Report: Officer escalated events that led to fatal shooting
OAKLAND, Calif. (AP) — A former police officer with the Bay Area Rapid Transit agency who pulled a black man from a train 10 years ago was largely responsible for setting events in motion that ended with a second officer fatally shooting him, a newly released report says.
The fatal shooting of Oscar Grant on an Oakland train platform in the early hours of New Year’s Day 2009 was one of the first police shootings caught on video by bystanders. His death sparked protests and contributed to a national conversation about racism and police violence.
The document by the Meyers Nave law firm, which BART hired to run its internal investigation, long ago prompted the firing of the officer, Anthony Pirone. The report was released Wednesday under California’s new police transparency law, the San Francisco Chronicle reported.
Pirone told investigators he had scuffled with Grant but the report says video of the Fruitvale Station encounter shows Pirone struck Grant in the head and kneed him, likely causing injuries documented in his autopsy. It adds that Grant did not fight back.
“Pirone was, in large part, responsible for setting the events in motion that created a chaotic and tense situation on the platform, setting the stage, even if inadvertent, for the shooting of Oscar Grant,” said Kimberly Colwell and Jayne Williams, the attorneys who authored the report dated July 31, 2009.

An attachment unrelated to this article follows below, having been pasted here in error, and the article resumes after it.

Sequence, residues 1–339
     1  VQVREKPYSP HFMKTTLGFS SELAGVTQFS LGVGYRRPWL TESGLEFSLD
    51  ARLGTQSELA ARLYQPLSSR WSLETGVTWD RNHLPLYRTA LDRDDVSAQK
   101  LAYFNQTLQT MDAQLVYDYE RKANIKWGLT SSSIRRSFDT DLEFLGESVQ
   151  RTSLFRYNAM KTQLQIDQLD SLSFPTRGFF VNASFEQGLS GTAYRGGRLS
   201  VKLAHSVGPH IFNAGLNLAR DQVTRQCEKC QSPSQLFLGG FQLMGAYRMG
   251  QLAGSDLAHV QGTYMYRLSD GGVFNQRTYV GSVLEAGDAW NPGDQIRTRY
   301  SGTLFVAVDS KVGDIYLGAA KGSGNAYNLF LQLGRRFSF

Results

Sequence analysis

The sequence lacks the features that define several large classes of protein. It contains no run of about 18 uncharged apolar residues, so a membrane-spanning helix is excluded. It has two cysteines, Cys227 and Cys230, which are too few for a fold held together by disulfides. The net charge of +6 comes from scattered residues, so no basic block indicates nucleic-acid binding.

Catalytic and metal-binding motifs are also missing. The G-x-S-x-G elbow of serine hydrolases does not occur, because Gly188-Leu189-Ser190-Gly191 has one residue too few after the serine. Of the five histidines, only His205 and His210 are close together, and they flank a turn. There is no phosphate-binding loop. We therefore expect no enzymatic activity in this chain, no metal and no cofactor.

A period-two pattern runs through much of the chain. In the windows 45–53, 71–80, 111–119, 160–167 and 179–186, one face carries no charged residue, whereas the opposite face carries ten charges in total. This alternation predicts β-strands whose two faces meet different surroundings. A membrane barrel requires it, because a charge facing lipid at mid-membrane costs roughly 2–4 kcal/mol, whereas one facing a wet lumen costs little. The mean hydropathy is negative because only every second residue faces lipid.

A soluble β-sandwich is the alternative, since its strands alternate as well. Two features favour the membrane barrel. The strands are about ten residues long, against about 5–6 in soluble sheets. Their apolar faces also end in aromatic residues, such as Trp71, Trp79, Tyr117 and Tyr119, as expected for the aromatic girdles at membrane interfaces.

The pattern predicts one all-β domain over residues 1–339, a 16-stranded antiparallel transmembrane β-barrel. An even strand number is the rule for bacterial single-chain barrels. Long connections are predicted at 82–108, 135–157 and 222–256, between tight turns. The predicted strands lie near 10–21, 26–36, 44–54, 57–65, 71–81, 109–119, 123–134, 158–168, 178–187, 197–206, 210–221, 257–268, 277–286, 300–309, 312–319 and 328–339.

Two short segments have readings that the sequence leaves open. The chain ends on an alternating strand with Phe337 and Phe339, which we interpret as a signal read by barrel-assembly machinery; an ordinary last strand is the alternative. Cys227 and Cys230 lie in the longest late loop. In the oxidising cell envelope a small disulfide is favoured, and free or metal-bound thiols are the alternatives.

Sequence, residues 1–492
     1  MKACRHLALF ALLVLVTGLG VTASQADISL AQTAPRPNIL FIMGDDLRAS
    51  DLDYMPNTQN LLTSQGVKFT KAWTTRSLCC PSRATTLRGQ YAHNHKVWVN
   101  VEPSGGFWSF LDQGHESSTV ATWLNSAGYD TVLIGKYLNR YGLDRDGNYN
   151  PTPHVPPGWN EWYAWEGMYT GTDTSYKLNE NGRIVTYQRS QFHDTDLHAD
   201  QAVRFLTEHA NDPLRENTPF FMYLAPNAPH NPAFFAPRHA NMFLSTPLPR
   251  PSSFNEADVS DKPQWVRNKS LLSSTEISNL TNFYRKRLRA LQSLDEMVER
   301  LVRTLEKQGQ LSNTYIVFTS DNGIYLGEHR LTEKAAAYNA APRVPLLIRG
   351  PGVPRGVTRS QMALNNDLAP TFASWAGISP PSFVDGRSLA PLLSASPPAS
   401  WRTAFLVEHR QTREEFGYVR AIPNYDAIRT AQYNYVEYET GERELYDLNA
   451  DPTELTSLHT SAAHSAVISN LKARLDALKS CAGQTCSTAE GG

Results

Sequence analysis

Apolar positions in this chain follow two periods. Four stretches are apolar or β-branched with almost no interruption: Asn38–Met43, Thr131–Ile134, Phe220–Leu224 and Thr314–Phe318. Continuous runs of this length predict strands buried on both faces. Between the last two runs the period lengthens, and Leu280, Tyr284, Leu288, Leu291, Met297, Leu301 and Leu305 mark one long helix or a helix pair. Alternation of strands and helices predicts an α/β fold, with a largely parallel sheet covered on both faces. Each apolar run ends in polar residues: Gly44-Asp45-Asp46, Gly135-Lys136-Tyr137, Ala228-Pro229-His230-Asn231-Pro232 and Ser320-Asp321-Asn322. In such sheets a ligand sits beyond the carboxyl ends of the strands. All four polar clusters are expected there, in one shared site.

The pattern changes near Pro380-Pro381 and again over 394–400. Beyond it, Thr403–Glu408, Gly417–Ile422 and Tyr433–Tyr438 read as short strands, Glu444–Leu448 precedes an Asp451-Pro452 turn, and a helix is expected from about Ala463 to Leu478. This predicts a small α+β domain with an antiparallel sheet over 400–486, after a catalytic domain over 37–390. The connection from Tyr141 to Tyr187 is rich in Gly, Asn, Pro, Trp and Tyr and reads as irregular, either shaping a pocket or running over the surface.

Colwell and Williams cited Pirone’s “repeated, unreasonable and unnecessary use of force,” his “manifest lack of veracity” and his use of a racial slur while arguing with Grant in recommending the officer’s firing.
Pirone was not criminally charged. But prosecutors charged former BART Officer Johannes Mehserle, who fatally shot Grant, a 22-year-old Hayward resident. Mehserle resigned shortly after the shooting.
He was convicted of involuntary manslaughter after a Los Angeles jury accepted his explanation that he accidentally shot Grant while believing he was squeezing the trigger of his Taser.
But the report said videos showed Mehserle may have known he was drawing his firearm, not his Taser, before shooting Grant.
“Despite the inability to interview Officer Mehserle, the conclusion can be made from a close viewing of the enhanced video that he was intending to pull his firearm and not his Taser,” the report says, noting that Mehserle repeatedly reached for his gun “and on the final occasion can be seen looking back at his hand on the gun/holster to watch the gun come out.”
Mehserle was sentenced to the minimum of two years in prison.
Pirone couldn’t be reached for comment on Wednesday. A phone number listed for a company founded by Mehserle was disconnected.
Information from: San Francisco Chronicle, http://www.sfgate.com